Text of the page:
At 76, Paul McCartney is having a blast and still creating fresh and vital music that doesn't leave behind the history of the former Beatle. “Egypt Station” is the first new album in five years from Paul McCartney, so there's no better reason, for the musician or his fans, to be in a celebratory mood. The new album collection released overnight and Paul was feeling festive a few hours early, joining Jimmy Fallon on “The Tonight Show” on September 6 for a load of fun and hijinks. A performance topped off the visit, and McCartney hasn’t lost his gift for infectious hooks, but in the meantime, the host of “The Tonight Show” and his knighted guest had lots of fun capturing the audience with their humor.

Move to the music

Before Paul McCartney ever took his seat, to chat with Jimmy Fallon, he happened to see Kendall Jenner dancing to his song “Fuh You,” soon to be joined by Jimmy himself. At first, Paul walked by the doorway but then came back, adding a flourish of hands in the air between the two. The song has been the subject of controversy, for some who may not be used to its sensual connotation coming from a senior. The true message of the song, produced by one OneRepublic’s Ryan Tedder, is to skip the superfluous small talk in a relationship, and get to true feelings, aiming to create a love that's “so proud and real.”

McCartney has always embraced the full scope of love, from the homespun to passionate erotica.

His 1972 hit by Wings, “Hi Hi Hi,” was banned by the BBC for its content, but certainly had nothing to do with drugs, as any fan heard in its declaration, “I want you to lie on the bed,” complete with the sound effects that followed. His classic ballad “My Love” encompassed the fullness of love, far beyond sex, expressing lifelong admiration and commitment in its repeated, “My love does it good.”

No ticket needed to ride

Several groups of unsuspecting NBC studio tourists were treated to jokes and stunts between Paul McCartney and Jimmy Fallon from their elevator rides.

Vignettes ranged from the host and musician as proper English gentlemen, complete with pipes, reading newspapers, to playing a ping-pong match, to an “unassuming” announcement of when “Egypt Station” comes out. One female guest just attempts to stroll out to greet Paul, stopped by the watchful attendant. Another gentleman keeps exclaiming, “No way!” with Paul McCartney responding, “Yeah, way!” Most are just thrilled with their few seconds of seeing a genuine music legend, and one elevator rider relates that this is as close as she will get to her dream of marrying Paul.

In a conversational segment, Jimmy Fallon remarks in amazement at how Paul McCartney manages to stay “cool,” even through periods of strife and loss, such as the controversy over John Lennon's misinterpreted “bigger than Jesus” comparison, in an attempt to explain their appeal to youth. Paul McCartney explained that music is therapy, even for the composer, when he is in a dark place, and a guitar becomes a very healing conduit. Fallon asks if McCartney is in a good mood, and he playfully mocks, “No!” with furrowed eyebrows. The composer breaks out into a song with the tagline, “I hate this little sucker,” and Fallon intercedes to stop the next expected rhyming line.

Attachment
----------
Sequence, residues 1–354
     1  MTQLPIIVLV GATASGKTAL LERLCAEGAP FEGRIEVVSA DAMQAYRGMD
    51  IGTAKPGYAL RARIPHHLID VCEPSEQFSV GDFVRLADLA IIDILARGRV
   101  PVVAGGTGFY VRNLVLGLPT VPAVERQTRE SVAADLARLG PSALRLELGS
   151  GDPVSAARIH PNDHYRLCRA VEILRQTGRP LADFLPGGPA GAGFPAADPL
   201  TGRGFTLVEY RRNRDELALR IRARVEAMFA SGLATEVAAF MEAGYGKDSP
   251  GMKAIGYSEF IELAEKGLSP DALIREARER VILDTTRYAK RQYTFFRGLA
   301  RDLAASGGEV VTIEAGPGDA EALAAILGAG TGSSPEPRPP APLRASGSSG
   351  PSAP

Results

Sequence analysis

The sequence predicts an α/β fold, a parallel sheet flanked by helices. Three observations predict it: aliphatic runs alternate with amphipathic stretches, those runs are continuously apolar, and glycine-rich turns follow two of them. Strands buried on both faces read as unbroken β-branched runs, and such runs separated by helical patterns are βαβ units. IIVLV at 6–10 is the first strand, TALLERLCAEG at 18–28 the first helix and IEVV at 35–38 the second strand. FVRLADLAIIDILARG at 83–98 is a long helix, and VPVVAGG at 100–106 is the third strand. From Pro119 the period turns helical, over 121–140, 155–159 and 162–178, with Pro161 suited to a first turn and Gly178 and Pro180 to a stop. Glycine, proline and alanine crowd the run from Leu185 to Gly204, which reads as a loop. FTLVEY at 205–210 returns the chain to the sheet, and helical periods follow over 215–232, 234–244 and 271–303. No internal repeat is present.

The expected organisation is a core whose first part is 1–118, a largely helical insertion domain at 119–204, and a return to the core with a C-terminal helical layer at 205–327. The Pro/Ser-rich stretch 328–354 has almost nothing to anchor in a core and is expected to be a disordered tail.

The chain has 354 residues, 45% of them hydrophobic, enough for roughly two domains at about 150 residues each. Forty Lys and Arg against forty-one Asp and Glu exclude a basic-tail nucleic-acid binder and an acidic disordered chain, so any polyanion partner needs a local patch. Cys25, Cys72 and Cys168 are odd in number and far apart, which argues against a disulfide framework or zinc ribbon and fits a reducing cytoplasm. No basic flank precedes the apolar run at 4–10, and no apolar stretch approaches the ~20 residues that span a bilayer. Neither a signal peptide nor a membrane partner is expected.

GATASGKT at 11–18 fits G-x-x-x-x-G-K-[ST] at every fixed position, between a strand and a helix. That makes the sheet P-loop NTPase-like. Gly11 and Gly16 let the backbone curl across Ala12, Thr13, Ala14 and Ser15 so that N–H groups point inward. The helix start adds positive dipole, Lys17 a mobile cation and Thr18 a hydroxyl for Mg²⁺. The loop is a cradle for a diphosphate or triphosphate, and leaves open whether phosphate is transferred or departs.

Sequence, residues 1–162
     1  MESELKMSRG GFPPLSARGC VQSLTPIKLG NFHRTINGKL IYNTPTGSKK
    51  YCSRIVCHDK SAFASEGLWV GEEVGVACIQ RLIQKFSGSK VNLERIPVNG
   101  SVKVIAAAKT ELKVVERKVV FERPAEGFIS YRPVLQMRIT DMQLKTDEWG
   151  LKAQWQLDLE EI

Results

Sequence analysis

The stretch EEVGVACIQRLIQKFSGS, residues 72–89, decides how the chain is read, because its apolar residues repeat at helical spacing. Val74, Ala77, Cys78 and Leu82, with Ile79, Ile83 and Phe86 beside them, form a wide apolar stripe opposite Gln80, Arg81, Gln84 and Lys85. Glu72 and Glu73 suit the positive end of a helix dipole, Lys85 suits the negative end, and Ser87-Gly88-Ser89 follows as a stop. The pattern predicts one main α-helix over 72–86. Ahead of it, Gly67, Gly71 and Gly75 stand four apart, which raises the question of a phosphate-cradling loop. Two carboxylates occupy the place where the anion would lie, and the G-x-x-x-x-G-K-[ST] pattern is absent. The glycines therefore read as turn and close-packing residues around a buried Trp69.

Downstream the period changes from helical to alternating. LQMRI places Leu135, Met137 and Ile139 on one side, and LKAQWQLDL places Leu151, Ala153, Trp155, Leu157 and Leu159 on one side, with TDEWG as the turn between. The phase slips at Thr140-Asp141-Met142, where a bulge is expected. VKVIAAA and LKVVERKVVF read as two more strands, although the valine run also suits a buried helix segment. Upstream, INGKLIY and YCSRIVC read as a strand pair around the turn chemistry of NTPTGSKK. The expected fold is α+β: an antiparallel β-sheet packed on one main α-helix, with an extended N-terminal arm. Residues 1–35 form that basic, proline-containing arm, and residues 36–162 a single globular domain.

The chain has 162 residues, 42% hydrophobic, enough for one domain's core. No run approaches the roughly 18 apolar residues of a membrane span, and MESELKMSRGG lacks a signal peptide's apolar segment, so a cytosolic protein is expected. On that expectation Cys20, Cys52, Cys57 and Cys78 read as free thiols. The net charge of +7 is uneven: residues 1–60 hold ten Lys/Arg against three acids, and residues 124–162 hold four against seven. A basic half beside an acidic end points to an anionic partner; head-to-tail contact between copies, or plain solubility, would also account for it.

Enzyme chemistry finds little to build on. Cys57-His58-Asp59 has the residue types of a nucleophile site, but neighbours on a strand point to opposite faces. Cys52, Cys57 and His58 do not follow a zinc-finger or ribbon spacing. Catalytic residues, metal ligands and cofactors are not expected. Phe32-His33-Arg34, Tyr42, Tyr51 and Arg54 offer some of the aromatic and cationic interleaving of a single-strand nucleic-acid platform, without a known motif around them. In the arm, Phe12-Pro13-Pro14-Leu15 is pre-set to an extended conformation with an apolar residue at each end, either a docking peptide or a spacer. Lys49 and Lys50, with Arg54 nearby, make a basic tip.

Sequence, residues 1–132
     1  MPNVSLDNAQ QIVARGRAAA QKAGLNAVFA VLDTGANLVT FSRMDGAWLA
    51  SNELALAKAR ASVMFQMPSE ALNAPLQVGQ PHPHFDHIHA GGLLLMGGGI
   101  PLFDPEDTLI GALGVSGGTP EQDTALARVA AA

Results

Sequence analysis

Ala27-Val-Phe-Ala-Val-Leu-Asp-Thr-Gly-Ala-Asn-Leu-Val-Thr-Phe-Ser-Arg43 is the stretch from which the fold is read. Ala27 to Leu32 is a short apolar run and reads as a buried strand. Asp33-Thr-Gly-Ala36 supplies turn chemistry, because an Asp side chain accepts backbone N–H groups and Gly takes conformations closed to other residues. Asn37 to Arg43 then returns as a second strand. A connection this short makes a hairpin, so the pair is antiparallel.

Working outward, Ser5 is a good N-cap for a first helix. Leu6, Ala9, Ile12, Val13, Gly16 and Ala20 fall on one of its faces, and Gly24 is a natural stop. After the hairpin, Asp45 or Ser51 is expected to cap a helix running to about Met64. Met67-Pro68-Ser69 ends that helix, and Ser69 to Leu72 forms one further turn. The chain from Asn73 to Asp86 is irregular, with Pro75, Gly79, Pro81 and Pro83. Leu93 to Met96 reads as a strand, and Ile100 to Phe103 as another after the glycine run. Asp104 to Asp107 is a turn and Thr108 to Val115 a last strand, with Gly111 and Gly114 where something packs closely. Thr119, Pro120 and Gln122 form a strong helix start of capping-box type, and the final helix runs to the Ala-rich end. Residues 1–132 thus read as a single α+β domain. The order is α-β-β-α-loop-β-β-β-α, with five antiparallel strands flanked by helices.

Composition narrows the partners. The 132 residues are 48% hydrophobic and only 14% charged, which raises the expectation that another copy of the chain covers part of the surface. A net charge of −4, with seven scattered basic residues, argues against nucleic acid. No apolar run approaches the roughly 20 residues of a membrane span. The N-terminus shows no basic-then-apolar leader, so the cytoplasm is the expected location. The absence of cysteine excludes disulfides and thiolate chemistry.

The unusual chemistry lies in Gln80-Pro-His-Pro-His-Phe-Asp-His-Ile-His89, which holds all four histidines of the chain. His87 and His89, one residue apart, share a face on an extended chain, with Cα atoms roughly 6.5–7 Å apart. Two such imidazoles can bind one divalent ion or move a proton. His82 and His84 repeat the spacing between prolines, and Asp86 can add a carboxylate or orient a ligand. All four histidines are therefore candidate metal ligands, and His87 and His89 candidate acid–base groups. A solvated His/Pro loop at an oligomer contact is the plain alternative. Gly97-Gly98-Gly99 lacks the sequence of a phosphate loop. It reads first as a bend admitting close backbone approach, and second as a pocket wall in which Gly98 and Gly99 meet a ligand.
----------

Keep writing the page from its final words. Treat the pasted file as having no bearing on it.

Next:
Beatle fans can also take consolation in the fact that today, the U.S.

Postal Service is releasing a commemorative stamp in honor of John Lennon. The times have indeed come full circle.

“Egypt Station” is a return to the concept album, McCartney explained, and much of the album was a collaboration with Foo Fighters producer Greg Kurstin, who felt great inspiration from the instruments used in past Beatles’ masterpieces. The dates, for his Freshen Up tour, start next week in Canada and eventually go to Japan, and even to Paul McCartney's hometown of Liverpool. The composer with the most mammoth catalog in music contends that he cannot do the “modern pop album” in the way that Beyoncé and Taylor Swift can, since “they've got better legs.” He hopes that the new album will be one that fans will want to listen to “the whole way through.”

Paul McCartney left a message at the phone number of Jimmy Fallon's childhood home, and left “The Tonight Show” audience with a performance of his guitar-driven greeting song, “Come On To Me.” There were also not-so-subtle hints of a show today in New York City. This artist has as much reason as ever to keep his cheeky sense of humor and boundless creativity.

EDITOR, PLEASE NOTE: The lyric line quoted for "My Love" is correct. Thank you.